Nokia N8 a streetview perspective (part 3)
This is the third of three in my series on reviewing the Nokia N8 device. To recap, I have now had the device for a little of three weeks and I must say that it certainly growing on me. It still rates very highly in the coolness stakes and a couple of commentators have favoured the N8 over my iPhone 4 !
I have really gotten to grips with the device over the past weeks and have seen many smaller refinements in the flow compared to the other Nokia devices I have had in the past. I prefer using the device in landscape orientation as the responsiveness of the keypad is far better.
On that point I do think that the predictive text functionality could use some refinement. I prefer being able to carry on typing a word, that the device does not recognise, as is that case with the Apple interface, whereas the Nokia baulks and you have to correct the word. This has been my main reason for retaining the landscape mode preference, with predictive text disabled.
I have selected Gravity over the social media app that comes with the phone. The interface on Gravity is far superior and gives the full Twitter experience, which the native client fails to deliver on. I did try Snaptu for a short while but thanks to Marc Forrest I was introduced to Gravity and find this to be the better solution.
From a practical point of view the N8 has given me superior battery life, but as a high end user I am quite used to phone life of a day or less. Sound quality of the speaker is good, although I have experienced the odd dead spot. As with my other Nokia’s devices it came with a number of fun theme settings and tones, so I have been able to personalise it to my hearts content. I have mentioned the camera before, but allow me to mention again just how good it is. The nifty on board picture adjustments are also really handy.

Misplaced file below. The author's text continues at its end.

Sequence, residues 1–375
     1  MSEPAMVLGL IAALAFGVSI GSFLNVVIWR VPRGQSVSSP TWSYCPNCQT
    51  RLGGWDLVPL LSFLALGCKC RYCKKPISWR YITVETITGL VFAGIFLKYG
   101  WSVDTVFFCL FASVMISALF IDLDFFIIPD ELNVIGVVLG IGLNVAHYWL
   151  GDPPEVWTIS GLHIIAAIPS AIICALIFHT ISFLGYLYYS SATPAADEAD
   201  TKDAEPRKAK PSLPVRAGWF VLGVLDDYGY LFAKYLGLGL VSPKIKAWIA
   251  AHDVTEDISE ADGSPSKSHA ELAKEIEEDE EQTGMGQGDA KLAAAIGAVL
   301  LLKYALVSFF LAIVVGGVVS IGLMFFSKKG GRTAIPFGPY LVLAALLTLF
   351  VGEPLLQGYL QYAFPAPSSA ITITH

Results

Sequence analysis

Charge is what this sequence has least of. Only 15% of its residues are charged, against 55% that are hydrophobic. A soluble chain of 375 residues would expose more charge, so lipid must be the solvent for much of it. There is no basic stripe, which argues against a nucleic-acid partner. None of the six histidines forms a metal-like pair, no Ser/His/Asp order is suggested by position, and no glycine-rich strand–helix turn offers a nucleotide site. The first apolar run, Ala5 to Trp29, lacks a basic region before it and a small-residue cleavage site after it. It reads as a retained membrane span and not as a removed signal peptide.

Borrowing from Apple the multiple home screens function is nice, and the refinement of being able to lay these out as you like is quite novel. Nice to be able to trick out your phone! The slide between pages is not as slick as the iPhone 4, but it is still really good.
The screen resolution is great, but it appears that some of the developers have yet to realise this. To illustrate I have the game World Series of Poker loaded on both my iPhone 4 and the N8. The N8 experience is really grainy and poor when stacked against the iPhone 4. Granted the N8 download is a mere 9oo(odd)kb compared to the 100mb download for the iPhone 4. I am prepared though to have a bigger file size to have the better experience.
In terms of the mail client, I use the N8 for my Gmail service and it works really well. I have noticed some synch issues from time to time, but these appear to be user driven as opposed to anything else, probably more to do with the archive vs. delete function in Gmail.
Signal strength reporting, I put this in as it makes for an interesting observation. I have noticed that the N8 is more forgiving on the signal strength compared to my iPhone 4. I have a number of areas in my house, for example, where the N8 operates a full 3G signal, where my iPhone 4 drops to an edge connection. For the users without wireless access, I think that this would be an important point. Also driving around town is slightly more forgiving on the N8.
In all I am very impressed with the device that Nokia have created. Will it be an iPhone 4 killer? I am not sure about that, but for the folks who are not iPhone 4 users and want a rich smartphone experience then this device is certainly worth more than a cursory glance.
I guess I would sum up the experience as follows. Nokia, in the N8, have stayed true to their roots in building a mobile phone to which they have added a huge amount of bells and whistle’s. Apple in the iPhone 4, in my opinion anyway, has bolted a phone onto a computer. The choice of device will be determined by your mobile usage pattern.